The grounds of application

9. The husband confirms unequivocally in Court that: -

(a) he does not challenge the validity of the Minutes, the Consent Order or the liability to pay the Lump Sum.

(b) He only seeks to vary the amount and frequency of the installment of the Lump Sum but not the Lump Sum itself.

(c) his only ground of application is a change in circumstances of both parties after the divorce.

10. The husband says that after the divorce, there has been material change in circumstances on both parties. The wife has changed from a full-time housewife to a business woman, having her own business and a steady boyfriend. She has increase in cash and stock investment, enjoying a high standard of lifestyle. On his part, even though his assets and earnings are on the increase and the liabilities are on the decline, he actually has no means to pay for the wife’s maintenance. The wife’s issuing of a statutory demand (“Statutory Demand”) against him for the outstanding maintenance payment in August 2018 has an adverse impact on him.

11. The wife resists the application. She contends that the variation as sought will take the husband 800 months (66.6 years) to repay the Lump Sum and the monthly periodical payment of HKD1 is effectively no payment at all. She argues that the application is in effect a wholesale abandonment of the Consent Order which should not be allowed. She denies any change in circumstances which justifies a variation of the Consent Order as sought.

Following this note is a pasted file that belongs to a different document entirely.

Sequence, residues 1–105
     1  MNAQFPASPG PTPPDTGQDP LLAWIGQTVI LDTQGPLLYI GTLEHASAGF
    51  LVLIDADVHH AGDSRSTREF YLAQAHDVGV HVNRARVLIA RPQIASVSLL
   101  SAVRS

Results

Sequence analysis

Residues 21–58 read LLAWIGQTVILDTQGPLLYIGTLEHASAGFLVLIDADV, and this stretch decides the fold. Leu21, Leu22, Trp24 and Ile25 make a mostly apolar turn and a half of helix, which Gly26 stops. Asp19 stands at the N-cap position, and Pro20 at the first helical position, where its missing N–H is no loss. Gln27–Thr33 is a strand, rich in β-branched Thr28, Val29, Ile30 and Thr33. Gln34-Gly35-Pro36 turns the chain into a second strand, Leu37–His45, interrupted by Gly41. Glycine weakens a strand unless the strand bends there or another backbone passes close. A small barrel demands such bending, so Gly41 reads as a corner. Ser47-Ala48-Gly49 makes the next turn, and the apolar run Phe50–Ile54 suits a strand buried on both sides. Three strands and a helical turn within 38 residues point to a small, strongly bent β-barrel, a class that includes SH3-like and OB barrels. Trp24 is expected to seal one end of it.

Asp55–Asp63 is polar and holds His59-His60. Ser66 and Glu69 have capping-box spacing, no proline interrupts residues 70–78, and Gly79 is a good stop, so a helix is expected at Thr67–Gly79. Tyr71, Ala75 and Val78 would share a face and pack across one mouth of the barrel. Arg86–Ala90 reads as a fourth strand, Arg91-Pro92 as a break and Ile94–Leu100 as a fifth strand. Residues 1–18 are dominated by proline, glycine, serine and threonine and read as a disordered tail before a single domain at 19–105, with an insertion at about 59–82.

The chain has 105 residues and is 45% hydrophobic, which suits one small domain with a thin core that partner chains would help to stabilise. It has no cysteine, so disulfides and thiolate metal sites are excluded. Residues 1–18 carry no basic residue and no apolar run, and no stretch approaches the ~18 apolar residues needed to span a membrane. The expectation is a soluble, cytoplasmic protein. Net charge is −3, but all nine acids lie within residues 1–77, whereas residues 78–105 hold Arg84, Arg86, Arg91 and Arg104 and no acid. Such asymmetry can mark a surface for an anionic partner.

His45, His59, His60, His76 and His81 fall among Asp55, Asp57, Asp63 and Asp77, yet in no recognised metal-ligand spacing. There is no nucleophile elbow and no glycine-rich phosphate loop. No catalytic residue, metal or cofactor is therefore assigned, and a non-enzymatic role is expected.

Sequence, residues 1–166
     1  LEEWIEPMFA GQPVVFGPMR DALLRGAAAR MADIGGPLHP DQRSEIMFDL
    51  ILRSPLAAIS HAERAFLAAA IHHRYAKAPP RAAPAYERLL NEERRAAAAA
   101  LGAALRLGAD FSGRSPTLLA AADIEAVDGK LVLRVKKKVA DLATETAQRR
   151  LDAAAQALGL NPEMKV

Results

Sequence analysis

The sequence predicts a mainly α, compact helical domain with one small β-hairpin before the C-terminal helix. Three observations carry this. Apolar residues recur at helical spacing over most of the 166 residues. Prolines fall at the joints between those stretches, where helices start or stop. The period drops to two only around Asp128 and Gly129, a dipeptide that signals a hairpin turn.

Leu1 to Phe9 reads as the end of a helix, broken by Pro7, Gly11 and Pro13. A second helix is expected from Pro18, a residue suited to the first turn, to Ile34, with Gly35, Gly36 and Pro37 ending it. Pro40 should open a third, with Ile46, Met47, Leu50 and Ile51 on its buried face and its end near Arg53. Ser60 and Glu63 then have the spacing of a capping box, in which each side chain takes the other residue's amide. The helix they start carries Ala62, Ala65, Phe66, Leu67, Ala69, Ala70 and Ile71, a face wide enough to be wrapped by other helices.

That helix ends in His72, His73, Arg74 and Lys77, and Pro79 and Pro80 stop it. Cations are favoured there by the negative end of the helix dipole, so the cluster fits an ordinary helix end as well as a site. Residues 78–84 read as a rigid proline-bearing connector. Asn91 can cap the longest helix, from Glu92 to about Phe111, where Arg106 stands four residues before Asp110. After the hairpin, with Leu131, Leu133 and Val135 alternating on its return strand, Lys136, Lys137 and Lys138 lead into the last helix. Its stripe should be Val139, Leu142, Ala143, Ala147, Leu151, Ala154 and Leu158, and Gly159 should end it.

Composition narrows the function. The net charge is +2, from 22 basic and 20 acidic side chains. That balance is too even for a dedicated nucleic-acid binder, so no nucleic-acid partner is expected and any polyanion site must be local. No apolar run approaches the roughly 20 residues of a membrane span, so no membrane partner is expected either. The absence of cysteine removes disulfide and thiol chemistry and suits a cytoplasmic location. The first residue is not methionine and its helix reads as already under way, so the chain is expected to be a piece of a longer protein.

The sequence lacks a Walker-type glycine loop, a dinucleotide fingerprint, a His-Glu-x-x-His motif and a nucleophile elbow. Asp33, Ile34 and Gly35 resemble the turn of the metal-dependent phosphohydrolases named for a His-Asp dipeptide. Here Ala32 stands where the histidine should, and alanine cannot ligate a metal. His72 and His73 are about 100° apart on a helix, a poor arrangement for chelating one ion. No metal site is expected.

The law

12. The power of the Court to vary a periodical payment order and the repayment schedule of a lump sum payment order is provided for by section 11(1) of MPPO : -

“(1) Where the court has made an order to which this section applies, then, subject to the provisions of this section, the court shall have power to vary or discharge the order or to suspend any provision thereof temporarily and to revive the operation of any provision so suspended.”

13. The power is to be exercised in accordance with section 11(7) of MPPO: -

(7) In exercising the powers conferred by this section the court shall have regard to all the circumstances of the case, including any change in any of the matters to which the court was required to have regard when making the order to which the application relates and, where the party against whom that order was made has died, the changed circumstances resulting from his or her death.”

14. The legal principles governing variation of a consent order can be summarized as follows: -

(a) The statutory power to vary is wide and the court is to consider all the circumstances of the case.

(b) while the court is not required to proceed from the starting point of the original order but look at the matter afresh, the basis and intended effect of the original order are relevant factors to which the Court should pay regard and there should not be a radical departure from the approach taken by the parties themselves when they had entered into an agreement embodied in a consent order. See AEM v VFM [2008] 3 HKLRD 36

(c) the existence of a prior agreement was an important aspect which should be looked at having regard to the conduct of the two parties, both leading up to the agreement and subsequent thereto, and the Court should bear in mind that formal agreements, properly and fairly arrived at with competent legal advice, should be given effect to unless good and substantial grounds were...